Keeping a food and exercise diary could mean the difference between achieving your health and fitness goals or maintaining the status quo. According to "USA Today," a weight loss study found those who kept a food diary were able to lose twice as much weight as those who did not keep a food diary. It can make you accountable for your actions. Printing out your journal means you can take it with you to keep track of what you eat and do throughout the day.
Your-Personal-Nutrition-Guide.com was created by a registered dietitian. It provides various printable food journals, as well as food journal software, an online food journal and an exercise log. Daily food diary categories include time, food/beverage, amount and calories. A journal to track food groups is also available. Use the "plan meals in advance" food journal to record what you plan to eat as well as what you actually ate. Use the "food and mood" journal to record what you eat and your mood before and after.
MyPyramid.gov is a website from the U.S. Department of Agriculture. It provides Food Tracking Worksheets, set up by calorie level. Choose the appropriate calorie level, which you can calculate on the website, and the worksheet will show your goal intake by food group. The site also gives general physical activity recommendations. The worksheet has a column to record your actual intake as well as physical activity for the day. MyPyramid.gov contains nutrition and physical activity information for the entire family.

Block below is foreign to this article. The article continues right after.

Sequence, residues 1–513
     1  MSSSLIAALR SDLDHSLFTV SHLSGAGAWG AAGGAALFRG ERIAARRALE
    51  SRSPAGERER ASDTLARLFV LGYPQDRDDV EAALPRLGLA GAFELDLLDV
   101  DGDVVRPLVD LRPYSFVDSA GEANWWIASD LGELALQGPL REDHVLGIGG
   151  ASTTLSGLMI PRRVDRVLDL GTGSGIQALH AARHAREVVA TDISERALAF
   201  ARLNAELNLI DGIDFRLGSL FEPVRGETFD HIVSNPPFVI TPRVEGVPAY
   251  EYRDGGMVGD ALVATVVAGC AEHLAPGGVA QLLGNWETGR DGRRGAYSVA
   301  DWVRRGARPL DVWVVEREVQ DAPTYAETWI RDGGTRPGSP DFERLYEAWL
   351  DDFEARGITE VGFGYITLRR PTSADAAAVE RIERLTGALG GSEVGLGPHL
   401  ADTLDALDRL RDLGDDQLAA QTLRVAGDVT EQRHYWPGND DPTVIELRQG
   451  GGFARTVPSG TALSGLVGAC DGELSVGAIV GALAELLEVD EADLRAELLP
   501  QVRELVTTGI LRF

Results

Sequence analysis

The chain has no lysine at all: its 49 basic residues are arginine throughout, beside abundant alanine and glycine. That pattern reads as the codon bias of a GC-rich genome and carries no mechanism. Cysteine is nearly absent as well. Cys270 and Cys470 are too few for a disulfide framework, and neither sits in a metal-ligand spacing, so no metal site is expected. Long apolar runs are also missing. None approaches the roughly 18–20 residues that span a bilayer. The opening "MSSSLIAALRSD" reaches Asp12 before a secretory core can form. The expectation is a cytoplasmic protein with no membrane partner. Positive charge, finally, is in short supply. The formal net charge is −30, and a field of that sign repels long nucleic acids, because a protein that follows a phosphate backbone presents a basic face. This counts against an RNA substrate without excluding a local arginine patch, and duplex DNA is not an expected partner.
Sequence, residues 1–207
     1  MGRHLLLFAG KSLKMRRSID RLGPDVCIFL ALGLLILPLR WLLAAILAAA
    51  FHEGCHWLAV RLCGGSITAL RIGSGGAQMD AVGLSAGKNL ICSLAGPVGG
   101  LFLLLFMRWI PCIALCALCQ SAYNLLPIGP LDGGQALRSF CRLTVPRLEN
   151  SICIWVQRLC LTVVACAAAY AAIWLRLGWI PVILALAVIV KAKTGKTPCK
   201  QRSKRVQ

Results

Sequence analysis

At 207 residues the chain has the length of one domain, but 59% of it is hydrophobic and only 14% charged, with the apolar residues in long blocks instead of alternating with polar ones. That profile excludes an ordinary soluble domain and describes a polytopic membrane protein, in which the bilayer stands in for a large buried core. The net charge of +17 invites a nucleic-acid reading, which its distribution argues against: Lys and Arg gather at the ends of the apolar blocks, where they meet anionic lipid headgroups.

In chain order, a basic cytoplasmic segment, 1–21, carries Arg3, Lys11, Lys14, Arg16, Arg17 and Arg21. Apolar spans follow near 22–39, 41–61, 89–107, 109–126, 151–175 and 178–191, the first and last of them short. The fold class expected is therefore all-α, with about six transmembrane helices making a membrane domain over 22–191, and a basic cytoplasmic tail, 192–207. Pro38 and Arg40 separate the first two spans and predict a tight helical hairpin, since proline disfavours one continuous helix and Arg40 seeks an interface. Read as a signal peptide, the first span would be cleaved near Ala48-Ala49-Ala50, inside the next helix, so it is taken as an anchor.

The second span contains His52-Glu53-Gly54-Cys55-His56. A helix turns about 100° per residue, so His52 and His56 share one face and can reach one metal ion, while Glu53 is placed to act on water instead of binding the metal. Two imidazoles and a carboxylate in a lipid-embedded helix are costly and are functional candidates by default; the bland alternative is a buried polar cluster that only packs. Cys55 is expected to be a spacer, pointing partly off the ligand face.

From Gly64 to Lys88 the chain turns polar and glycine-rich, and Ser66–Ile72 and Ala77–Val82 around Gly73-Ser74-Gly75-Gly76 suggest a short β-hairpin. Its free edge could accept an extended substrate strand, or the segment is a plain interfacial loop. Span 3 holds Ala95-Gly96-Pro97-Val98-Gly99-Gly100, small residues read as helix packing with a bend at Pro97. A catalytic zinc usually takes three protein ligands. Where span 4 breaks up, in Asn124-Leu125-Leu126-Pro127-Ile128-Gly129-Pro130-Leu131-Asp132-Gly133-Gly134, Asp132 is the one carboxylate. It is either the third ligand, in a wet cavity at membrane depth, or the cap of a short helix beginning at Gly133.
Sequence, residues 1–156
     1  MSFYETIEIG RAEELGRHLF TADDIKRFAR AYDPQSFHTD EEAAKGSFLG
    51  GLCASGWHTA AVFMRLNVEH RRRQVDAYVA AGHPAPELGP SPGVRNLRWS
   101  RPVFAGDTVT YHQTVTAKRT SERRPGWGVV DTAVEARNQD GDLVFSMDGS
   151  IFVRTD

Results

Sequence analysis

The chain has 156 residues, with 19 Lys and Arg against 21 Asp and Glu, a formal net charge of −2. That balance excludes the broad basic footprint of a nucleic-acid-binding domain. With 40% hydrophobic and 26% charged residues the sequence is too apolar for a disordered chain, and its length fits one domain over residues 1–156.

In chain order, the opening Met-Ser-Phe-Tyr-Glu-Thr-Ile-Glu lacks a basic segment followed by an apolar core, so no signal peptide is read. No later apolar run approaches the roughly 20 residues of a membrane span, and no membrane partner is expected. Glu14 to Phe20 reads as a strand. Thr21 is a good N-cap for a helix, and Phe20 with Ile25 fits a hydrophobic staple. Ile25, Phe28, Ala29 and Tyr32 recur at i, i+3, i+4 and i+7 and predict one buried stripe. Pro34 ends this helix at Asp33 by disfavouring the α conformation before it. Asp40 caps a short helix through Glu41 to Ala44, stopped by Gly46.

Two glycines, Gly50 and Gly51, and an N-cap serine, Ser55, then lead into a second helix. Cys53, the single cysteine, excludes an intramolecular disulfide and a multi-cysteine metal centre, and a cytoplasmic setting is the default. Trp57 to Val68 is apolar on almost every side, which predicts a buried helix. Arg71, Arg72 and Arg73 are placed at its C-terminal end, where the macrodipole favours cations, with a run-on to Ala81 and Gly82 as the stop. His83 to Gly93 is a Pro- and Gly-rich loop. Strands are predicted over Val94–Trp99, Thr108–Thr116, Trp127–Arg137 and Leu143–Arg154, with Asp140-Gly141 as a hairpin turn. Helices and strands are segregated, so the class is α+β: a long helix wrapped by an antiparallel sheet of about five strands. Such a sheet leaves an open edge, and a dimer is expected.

Health-and-Fitness-Source.com has a simple weekly food and exercise log. Record what you eat at each meal, including snacks, then calculate the total calories. At the end of the week, you can compare the number of calories consumed each day. You can also record a week's worth of exercise on the same chart. Record your activity and duration/distance as well as total calories burned while exercising.
Create Your Own
Grab a notebook or binder and create your own food and exercise journal. It requires no computer or printer ink. At minimum, record type and amount of food and beverages consumed. Add as many columns as you like for additional information, such as time of day, mood, place or stress level. Record your activity performed throughout the day as well. Use a small pocket-sized notebook to take it with you and record food and beverages right away.
- Your Personal Nutrition Guide; Daily Food Diary; Suzette Kroll
- MyPyramid.gov; Calorie Results and Food Tracking Worksheets; February 2011
- Health-and-Fitness-Source.com: Free Printable Weight Loss Journal for You
- "USA Today"; Using Food Diaries Doubles Weight Loss, Study Shows; Nanci Hellmich; July 2008